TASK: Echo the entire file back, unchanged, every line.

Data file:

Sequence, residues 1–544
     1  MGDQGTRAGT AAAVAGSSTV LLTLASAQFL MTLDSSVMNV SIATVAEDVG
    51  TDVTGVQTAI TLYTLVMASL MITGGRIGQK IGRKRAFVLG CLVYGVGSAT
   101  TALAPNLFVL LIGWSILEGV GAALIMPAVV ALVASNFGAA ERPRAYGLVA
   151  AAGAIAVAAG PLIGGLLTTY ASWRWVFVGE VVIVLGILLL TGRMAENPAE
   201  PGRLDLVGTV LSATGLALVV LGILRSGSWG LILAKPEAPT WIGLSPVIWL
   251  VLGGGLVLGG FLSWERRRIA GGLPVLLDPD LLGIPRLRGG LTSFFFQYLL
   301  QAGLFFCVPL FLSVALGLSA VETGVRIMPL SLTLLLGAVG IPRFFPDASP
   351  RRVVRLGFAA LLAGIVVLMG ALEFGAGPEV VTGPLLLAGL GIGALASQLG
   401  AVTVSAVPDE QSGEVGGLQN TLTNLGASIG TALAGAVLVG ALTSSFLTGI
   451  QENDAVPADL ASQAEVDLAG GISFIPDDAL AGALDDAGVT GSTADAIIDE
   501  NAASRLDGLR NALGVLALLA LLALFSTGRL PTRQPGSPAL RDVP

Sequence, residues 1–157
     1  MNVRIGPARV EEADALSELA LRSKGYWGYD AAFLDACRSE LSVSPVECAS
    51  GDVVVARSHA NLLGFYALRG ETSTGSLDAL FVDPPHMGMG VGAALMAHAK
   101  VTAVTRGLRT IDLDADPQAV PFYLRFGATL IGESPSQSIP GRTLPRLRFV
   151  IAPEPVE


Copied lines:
Sequence, residues 1–544
     1  MGDQGTRAGT AAAVAGSSTV LLTLASAQFL MTLDSSVMNV SIATVAEDVG
    51  TDVTGVQTAI TLYTLVMASL MITGGRIGQK IGRKRAFVLG CLVYGVGSAT
   101  TALAPNLFVL LIGWSILEGV GAALIMPAVV ALVASNFGAA ERPRAYGLVA
   151  AAGAIAVAAG PLIGGLLTTY ASWRWVFVGE VVIVLGILLL TGRMAENPAE
   201  PGRLDLVGTV LSATGLALVV LGILRSGSWG LILAKPEAPT WIGLSPVIWL
   251  VLGGGLVLGG FLSWERRRIA GGLPVLLDPD LLGIPRLRGG LTSFFFQYLL
   301  QAGLFFCVPL FLSVALGLSA VETGVRIMPL SLTLLLGAVG IPRFFPDASP
   351  RRVVRLGFAA LLAGIVVLMG ALEFGAGPEV VTGPLLLAGL GIGALASQLG
   401  AVTVSAVPDE QSGEVGGLQN TLTNLGASIG TALAGAVLVG ALTSSFLTGI
   451  QENDAVPADL ASQAEVDLAG GISFIPDDAL AGALDDAGVT GSTADAIIDE
   501  NAASRLDGLR NALGVLALLA LLALFSTGRL PTRQPGSPAL RDVP

Sequence, residues 1–157
     1  MNVRIGPARV EEADALSELA LRSKGYWGYD AAFLDACRSE LSVSPVECAS
    51  GDVVVARSHA NLLGFYALRG ETSTGSLDAL FVDPPHMGMG VGAALMAHAK
   101  VTAVTRGLRT IDLDADPQAV PFYLRFGATL IGESPSQSIP GRTLPRLRFV
   151  IAPEPVE